In an interactive session with Beth Kanter (@kanter) CEO, Zoetica; Danielle Brigida (@starfocus)Digital Mktg Mgr,National Wildlife Federation; Jessica Dheere (@jessdheere) Founder/Dir, Social Media Exchange; Mark Horvath (@hardlynormal) InvisiblePeople.tv at SXSW Interactive 2011, I learned how nonprofits can leverage free agents to support their cause.
First, Beth Kanter introduced the concept of a fortressed organization as one that is “opaque and impenetrable to outsiders.” (The Networked Nonprofit, B Kanter and A Fine, 2010)And what happens when a passionate, capable, and agile free agent who is eager to help meets this fortress? They crash into a wall.
Instead, organizations must strive to be network nonprofits. Networked nonprofits are more connected to the ecosystem of free agents (both individuals and other organizations.) They use more collaborative ways to issue and accept requests for work, for example, using social media to locate graphic designers.
According to Kanter, in order to exemplify a Networked Nonprofit, you must be comfortable with supporters experimenting with the organization’s brand. Bridgida recommends getting buy-in from legal to allow them to do so. Free agents don’t care about your branding document. Be sure your lawyers know not to send a cease and desist order when you support what the free agent is doing. Use creative commons licensing to freely allow certain uses of your organization’s intellectual property.
Free agents can sometimes accomplish things that the organization itself cannot, such as operating on the ground in foreign countries. Dheere points out that it is difficult to work as an NGO in certain societies due to cultural and government restrictions, especially with respect to open access to data and content. This is one area where working with free agents isn’t just helpful, it’s crucial. Free agents have responsibilities too. They have to demonstrate how they help, not hurt, the cause. Kanter mentioned having a code of conduct for free agents, so expectations and boundaries are clearly outlined.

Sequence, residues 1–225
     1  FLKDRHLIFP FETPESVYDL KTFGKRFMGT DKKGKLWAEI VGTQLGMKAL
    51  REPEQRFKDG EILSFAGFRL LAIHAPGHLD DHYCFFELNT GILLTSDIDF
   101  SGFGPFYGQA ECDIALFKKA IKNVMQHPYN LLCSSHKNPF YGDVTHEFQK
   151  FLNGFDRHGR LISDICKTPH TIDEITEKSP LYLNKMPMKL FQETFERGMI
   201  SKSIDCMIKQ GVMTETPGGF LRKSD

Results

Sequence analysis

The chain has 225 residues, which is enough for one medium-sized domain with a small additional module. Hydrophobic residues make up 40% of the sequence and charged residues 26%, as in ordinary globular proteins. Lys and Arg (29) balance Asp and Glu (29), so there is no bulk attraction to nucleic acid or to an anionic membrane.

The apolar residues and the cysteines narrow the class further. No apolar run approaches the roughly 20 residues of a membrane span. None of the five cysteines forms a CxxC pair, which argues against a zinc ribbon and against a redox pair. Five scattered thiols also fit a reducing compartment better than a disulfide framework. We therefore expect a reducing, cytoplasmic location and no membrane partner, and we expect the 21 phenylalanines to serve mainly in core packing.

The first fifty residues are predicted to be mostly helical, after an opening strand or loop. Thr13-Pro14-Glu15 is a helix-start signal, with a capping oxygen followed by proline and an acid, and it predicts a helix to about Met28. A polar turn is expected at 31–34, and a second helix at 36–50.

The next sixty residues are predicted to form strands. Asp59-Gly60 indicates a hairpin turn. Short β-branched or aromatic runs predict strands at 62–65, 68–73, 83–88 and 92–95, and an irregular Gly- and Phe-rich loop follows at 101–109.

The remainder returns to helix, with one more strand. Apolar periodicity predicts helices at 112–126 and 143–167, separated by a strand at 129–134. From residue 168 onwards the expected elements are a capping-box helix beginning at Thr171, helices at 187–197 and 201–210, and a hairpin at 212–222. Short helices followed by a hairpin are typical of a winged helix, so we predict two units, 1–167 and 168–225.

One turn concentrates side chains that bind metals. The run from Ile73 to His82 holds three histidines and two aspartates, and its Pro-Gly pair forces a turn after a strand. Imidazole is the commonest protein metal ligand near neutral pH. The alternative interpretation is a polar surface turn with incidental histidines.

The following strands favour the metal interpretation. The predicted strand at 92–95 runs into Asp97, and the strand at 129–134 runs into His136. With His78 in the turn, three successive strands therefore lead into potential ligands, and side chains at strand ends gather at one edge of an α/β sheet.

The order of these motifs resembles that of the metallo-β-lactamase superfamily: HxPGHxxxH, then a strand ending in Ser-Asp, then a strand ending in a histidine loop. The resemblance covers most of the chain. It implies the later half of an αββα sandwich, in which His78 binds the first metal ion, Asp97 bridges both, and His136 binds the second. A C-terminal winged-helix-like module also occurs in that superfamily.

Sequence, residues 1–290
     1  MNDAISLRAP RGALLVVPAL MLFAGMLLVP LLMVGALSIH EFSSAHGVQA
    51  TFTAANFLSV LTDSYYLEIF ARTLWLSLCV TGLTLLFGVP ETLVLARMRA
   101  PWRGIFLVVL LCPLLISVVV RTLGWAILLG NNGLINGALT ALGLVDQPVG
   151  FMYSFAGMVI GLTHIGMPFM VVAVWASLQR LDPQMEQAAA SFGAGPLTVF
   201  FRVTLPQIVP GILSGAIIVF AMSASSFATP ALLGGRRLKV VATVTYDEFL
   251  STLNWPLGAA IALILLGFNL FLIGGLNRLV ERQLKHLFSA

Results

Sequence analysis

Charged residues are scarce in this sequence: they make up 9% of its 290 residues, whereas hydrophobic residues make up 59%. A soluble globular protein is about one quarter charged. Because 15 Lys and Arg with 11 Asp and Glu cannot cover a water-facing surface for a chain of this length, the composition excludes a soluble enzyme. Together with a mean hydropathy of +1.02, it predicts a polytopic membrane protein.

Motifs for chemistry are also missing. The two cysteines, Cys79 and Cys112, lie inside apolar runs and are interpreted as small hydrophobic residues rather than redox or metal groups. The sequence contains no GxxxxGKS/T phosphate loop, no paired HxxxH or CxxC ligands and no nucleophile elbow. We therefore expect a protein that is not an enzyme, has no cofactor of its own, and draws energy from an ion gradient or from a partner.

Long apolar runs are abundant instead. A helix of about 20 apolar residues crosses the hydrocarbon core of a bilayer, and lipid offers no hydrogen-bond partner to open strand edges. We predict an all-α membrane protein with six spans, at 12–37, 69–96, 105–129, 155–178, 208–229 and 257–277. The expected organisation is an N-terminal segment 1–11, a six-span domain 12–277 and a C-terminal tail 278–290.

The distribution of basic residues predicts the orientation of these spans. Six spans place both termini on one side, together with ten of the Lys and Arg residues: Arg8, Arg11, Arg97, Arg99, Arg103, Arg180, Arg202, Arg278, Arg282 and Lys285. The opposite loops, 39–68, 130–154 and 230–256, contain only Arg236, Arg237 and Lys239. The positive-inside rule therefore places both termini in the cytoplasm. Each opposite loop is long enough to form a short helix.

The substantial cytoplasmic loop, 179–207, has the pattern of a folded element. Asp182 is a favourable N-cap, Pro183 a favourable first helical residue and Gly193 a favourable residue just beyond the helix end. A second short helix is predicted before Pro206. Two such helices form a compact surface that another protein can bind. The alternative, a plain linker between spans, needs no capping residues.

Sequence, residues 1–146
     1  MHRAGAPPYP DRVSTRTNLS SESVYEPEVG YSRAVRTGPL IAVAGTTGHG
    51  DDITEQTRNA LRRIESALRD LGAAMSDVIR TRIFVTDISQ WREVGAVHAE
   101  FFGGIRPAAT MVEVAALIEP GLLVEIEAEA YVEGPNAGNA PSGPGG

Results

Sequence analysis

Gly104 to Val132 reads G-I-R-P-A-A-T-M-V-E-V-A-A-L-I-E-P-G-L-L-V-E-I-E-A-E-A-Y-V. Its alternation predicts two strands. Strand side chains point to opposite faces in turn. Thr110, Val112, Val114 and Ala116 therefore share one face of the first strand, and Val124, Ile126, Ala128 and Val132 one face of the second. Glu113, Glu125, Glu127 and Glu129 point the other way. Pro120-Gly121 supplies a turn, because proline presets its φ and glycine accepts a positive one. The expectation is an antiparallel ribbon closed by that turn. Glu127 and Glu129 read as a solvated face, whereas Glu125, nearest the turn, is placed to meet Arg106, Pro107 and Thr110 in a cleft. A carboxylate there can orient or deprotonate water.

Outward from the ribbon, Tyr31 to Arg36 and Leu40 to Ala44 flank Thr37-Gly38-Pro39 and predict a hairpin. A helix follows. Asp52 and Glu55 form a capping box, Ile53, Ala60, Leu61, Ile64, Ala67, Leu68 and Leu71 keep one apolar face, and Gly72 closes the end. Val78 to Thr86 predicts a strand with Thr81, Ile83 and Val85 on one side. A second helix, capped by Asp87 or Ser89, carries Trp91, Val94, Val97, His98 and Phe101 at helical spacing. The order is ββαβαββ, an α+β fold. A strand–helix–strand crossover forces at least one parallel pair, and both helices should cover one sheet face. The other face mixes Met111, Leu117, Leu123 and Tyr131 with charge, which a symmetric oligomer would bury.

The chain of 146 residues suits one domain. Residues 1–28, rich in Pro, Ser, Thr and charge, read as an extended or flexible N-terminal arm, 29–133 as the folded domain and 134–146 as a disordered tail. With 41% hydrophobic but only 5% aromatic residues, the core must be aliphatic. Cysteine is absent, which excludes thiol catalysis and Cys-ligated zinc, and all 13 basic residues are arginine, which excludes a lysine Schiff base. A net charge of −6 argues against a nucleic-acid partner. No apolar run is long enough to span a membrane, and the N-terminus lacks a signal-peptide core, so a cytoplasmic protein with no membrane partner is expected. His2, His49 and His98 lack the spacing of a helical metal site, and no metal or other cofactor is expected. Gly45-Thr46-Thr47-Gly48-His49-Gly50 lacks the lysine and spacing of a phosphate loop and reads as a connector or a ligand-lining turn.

Craig Newmark (@craignewmark), founder of craigslist.org and Craigslist Foundation, and free agent extraordinaire, was in attendance. He pointed out that free agents help charities and NGOs stay connected with the people they serve at the ground level.
A couple of key actions that you can do now to implement your strategy to becoming a “Networked Nonprofit”
- Be a network weaver. Start by mapping out the relationships within your organization and you will probably find you are talking to the same people.
- Develop an engagement strategy for people outside your organization and follow it
- Fail fast and fail cheap. Reassess afterward.
Remember: “These networked nonprofits work as social networks, not just in them.” (Ibid)
I was lucky enough to meet Kanter after her session and briefly discuss how it went, including the integration of international free agents through live conference calls and recorded videos, as well as her informal moderation style and breaking down the physical barriers between audience and panel to facilitate the discussion.
All in all, this is one the BEST sessions I attended this year and I would highly recommend the book, The Networked Nonprofit (B Kanter, A Fine) to anyone interested in learning more.
The twitter hashtag for this session was #netnon.
Beth also has a great write-up of her reflections on this session on her blog.